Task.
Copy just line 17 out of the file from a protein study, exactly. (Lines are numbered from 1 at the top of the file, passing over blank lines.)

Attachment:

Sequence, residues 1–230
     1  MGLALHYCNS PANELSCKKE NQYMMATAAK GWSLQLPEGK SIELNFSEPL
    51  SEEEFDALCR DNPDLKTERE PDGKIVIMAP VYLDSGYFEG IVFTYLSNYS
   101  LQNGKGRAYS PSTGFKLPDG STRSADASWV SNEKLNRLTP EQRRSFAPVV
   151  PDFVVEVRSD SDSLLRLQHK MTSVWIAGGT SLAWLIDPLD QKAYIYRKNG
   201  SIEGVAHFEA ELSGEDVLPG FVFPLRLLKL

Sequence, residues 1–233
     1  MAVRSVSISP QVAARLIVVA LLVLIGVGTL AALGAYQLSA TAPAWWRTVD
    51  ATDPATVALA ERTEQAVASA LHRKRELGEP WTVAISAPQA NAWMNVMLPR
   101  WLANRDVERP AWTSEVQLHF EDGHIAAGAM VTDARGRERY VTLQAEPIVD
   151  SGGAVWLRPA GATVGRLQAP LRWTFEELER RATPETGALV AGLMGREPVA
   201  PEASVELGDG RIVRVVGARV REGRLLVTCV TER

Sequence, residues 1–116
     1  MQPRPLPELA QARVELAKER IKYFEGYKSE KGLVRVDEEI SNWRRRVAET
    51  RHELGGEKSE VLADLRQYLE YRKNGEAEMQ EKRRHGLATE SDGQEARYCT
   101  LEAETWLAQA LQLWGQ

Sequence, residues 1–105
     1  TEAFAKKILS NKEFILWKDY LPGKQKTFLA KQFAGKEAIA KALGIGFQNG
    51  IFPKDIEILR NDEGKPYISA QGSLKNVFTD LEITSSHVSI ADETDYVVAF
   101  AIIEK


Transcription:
Sequence, residues 1–105